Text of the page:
By Kerry Love (@kerrymlove)
A popular novel format in the eighteenth century was the ‘it-narrative,’ or ‘novel of circulation,’ whereby the story was told by an inanimate object, such as a coin, quill or a coach, or an animal such as a pet dog, in first person. Their treatment in literary studies has been covered by Mark Blackwell and others, but I would suggest that the it-narrative holds worth in other disciplines beyond literature, such as material culture history or museum studies. 
By Stephanie Brown (@StephEmmaBrown)
This axe can now be found at the National Museum of Iceland in Reykjavik. It was used on 12 January 1830, to execute Agnes Magnúsdóttir, a maid, and Friðrik Sigurðsson, a farmhand, for their role in the murders of ‘womanizer’, Natan Ketilsson, and Pétur Jónsson, an unfortunate bystanding victim. The crime took place in 1828 at Natan’s farm, Illugastaðir, where they lived and worked. This was the last execution to be carried out on Icelandic soil. Although, Iceland did not abolish capital punishment until 1928.
By Xinyi Wen (@HPSWarburgian)
Red, umber, carmine, massicot yellow, ultramarine… in a 15×15 inches humble drawer, 63 kinds of pigments constituted a vibrant, colourful world. Each pigment was held in a labelled paper box lining inside the wooden grid, indicating these ingredients’ mobility and their flexibility of spatial arrangement. This drawer, together with other 28 counterparts of seeds, stones, fruits, roots, and animal parts, made up the cabinet of John Francis Vigani (c. 1650–1712), the first Professor of Chemistry at the University of Cambridge.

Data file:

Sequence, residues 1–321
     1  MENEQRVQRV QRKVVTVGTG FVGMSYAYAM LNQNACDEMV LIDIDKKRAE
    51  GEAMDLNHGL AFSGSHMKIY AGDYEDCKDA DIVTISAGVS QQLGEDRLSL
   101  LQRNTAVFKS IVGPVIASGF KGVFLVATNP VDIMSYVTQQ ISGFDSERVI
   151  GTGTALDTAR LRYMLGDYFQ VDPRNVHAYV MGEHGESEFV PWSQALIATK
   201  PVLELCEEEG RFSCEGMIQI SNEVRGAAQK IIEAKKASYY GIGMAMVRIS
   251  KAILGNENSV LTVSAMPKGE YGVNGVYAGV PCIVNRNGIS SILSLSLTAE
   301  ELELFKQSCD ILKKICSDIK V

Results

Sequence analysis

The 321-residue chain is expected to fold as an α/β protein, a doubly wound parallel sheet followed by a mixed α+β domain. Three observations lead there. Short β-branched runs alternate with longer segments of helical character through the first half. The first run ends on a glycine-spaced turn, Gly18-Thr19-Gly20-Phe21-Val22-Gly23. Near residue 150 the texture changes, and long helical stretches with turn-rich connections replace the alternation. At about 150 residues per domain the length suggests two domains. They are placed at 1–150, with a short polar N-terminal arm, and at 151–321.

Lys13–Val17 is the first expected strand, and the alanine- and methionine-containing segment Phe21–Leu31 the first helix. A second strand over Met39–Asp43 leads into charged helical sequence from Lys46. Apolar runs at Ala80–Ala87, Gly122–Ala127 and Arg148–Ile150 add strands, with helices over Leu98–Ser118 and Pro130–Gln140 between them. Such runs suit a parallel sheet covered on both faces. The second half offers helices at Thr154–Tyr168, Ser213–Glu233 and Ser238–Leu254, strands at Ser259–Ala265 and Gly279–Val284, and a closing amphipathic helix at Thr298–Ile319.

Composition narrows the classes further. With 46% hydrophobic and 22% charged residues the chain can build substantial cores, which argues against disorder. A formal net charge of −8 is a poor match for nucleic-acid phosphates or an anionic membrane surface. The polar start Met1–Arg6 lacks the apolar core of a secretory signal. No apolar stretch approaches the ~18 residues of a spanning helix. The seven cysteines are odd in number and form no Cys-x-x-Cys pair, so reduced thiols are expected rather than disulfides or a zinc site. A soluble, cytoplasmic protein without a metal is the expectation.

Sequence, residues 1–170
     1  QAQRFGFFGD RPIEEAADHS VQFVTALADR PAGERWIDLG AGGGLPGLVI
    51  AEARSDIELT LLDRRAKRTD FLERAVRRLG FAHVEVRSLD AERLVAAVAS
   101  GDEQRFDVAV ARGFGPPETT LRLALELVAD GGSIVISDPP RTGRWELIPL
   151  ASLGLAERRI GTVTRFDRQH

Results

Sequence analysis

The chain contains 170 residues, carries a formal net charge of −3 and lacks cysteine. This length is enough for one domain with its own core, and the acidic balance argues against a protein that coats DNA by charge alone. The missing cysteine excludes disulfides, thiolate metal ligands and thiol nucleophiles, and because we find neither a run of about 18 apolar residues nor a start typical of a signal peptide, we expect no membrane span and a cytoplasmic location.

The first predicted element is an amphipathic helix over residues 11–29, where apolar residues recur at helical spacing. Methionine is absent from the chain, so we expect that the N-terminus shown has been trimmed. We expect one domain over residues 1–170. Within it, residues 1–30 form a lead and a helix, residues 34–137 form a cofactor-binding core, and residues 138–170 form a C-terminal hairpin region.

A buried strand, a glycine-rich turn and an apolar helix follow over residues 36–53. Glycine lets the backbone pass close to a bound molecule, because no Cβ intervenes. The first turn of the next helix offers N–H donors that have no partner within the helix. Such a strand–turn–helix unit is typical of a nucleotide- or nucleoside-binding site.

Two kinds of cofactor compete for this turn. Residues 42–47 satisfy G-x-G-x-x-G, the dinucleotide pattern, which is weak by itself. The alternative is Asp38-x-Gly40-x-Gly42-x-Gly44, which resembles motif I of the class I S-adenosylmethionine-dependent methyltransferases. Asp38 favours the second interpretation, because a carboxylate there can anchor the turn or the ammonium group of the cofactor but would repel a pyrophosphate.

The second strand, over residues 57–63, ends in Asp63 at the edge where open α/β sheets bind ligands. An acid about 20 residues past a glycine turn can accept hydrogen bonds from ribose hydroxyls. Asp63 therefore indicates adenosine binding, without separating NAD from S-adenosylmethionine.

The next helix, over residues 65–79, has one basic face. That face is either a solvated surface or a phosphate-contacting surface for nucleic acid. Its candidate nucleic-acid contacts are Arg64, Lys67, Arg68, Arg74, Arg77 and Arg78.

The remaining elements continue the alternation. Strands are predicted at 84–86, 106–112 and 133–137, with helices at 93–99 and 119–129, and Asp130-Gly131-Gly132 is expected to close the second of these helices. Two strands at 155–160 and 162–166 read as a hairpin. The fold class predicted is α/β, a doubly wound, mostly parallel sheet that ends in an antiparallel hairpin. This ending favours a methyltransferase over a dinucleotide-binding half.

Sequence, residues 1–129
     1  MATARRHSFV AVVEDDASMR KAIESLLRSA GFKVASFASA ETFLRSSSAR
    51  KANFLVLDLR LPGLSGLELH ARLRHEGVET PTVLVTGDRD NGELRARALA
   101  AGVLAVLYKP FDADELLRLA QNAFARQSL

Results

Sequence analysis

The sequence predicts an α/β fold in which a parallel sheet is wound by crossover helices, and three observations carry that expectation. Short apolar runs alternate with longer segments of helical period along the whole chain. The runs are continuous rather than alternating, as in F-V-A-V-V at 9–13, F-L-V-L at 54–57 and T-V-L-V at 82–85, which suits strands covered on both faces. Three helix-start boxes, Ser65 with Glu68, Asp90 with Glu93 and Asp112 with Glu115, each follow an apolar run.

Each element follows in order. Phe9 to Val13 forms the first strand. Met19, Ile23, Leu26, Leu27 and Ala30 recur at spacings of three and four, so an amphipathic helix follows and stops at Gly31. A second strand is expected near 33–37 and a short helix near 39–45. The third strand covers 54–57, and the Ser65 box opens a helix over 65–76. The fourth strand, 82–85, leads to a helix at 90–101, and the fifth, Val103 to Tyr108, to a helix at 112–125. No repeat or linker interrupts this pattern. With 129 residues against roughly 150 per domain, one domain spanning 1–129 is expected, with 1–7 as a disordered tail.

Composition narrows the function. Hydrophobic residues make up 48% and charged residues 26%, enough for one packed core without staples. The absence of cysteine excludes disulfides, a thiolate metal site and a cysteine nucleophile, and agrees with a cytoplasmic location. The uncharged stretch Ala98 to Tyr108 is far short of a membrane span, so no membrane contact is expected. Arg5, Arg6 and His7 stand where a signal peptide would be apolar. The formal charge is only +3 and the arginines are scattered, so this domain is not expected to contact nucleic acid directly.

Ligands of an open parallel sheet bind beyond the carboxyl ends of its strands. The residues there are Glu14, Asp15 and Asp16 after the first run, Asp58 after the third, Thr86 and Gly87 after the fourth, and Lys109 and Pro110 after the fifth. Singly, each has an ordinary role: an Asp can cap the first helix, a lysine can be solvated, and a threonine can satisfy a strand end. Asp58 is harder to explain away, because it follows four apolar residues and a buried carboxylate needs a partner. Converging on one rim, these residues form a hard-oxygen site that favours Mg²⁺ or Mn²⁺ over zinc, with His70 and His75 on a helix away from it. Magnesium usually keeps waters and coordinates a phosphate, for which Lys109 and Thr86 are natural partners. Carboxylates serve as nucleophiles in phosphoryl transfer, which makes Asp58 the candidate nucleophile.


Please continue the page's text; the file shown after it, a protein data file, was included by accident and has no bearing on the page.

By Meg Roberts (@megeroberts)
Fancy some Regency-era cheese on toast? By the late eighteenth century, cheese toasters were all the rage among the British upper classes. The six removable trays in this particular toaster from the period could each hold a small slice of toast or bread, topped with cheese. To make the toast, hot water would first be poured into an opening in the stem of the handle until it filled the container underneath the six trays. As the heat quickly permeated the silver plate and copper interior (both excellent heat conductors), it would simultaneously melt the cheese and keep the toast warm.
If you walk into any charity shop, you are more than likely to find, somewhere, a box or folder full of old knitting patterns. The majority of people would overlook these – to those that cannot knit, the sheets look like indecipherable code, but even to those that can, the patterns are considered dated. But these publications are an archive of everyday material culture of their own, which merit engagement.
By Maggie Kalenak